A quaint outhouse in Garsdale, the logs quietly waiting for someone with a strong sawing arm.

An entry to ABC Wednesday, a journey through the alphabet, this week sojourning at Q here

Tuesday, 25 April 2017

Pilot Boat

Liverpool Pilot Boat
One of Liverpool's Pilot Boats zooming past the waterfront and a ROV Support ship, the Fugo Saltire.  The pilot service celebrated its 250th anniversary of guiding ships into port last year. 

The Liverpool Maritime Museum has an exhibition on at the moment called 'In Safe Hands' which charts the service from those days of sail to today's high speed launches.

All the pilot boats are named after seabirds

and this is the Turnstone.  What a pity I don't have a picture of an actual turnstone but here are some beach pebbles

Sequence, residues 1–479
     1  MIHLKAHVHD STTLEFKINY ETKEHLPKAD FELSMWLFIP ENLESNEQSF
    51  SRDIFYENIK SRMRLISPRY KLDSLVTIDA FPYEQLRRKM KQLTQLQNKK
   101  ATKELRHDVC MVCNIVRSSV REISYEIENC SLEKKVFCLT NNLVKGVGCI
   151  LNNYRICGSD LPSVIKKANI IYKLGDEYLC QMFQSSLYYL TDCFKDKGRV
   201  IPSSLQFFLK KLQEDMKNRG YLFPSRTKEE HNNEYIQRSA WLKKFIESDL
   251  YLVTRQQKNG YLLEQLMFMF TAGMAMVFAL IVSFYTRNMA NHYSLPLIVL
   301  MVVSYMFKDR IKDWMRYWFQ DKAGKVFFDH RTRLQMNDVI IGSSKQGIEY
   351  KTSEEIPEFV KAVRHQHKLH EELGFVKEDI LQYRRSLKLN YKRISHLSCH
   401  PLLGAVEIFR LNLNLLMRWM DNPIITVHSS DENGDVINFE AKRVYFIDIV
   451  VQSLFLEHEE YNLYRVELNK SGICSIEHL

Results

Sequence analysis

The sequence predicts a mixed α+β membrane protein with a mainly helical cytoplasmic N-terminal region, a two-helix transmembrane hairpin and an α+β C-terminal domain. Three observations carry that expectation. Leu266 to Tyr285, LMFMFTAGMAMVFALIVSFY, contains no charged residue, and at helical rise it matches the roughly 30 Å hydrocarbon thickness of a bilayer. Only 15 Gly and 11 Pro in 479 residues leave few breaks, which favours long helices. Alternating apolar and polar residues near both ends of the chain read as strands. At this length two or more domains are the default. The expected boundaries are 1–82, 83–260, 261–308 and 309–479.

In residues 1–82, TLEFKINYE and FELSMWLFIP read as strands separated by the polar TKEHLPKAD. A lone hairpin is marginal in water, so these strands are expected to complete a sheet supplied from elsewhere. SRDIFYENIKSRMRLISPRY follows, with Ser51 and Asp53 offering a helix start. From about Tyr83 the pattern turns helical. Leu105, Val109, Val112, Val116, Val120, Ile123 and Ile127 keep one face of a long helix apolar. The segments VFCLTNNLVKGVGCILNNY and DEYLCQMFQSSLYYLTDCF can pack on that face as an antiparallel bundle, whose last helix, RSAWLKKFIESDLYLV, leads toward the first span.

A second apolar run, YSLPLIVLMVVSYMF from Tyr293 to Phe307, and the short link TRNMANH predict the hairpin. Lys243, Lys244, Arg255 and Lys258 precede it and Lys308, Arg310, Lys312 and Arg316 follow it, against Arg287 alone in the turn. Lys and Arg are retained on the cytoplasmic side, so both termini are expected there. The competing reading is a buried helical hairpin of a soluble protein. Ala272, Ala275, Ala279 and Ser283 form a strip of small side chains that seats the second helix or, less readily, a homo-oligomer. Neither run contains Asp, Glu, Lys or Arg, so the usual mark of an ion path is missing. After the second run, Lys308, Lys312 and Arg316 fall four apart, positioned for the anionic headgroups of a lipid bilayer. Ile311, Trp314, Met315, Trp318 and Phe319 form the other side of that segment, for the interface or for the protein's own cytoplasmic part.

and the turnstones might be around somewhere busy tuning stones to find something tasty underneath.
The preening juvenile herring gull has other things on its mind.

An entry to ABC Wednesday, a journey through the alphabet, this week sojourning at P here


Tuesday, 18 April 2017

Old Sluice

The old sluice gate on Tarn Beck which once controlled the mill race which would have turned the water wheel  at the Carding Mill further down in Seathwaite. A carding mill combs out wool ready for spinning and at one time this one would have employed about 10 men.  When it was first set up in the 1790s the spinning yarn produced would have been used by hand weavers. The building today has been converted for other uses.    
Tarn Beck flows out of Seathwaite Tarn which nestles at 1,200 ft (365m) on the western slopes of the Coniston fells and as you can see there is always copious amounts of water coming down, the beck has broken its banks.  From old water power to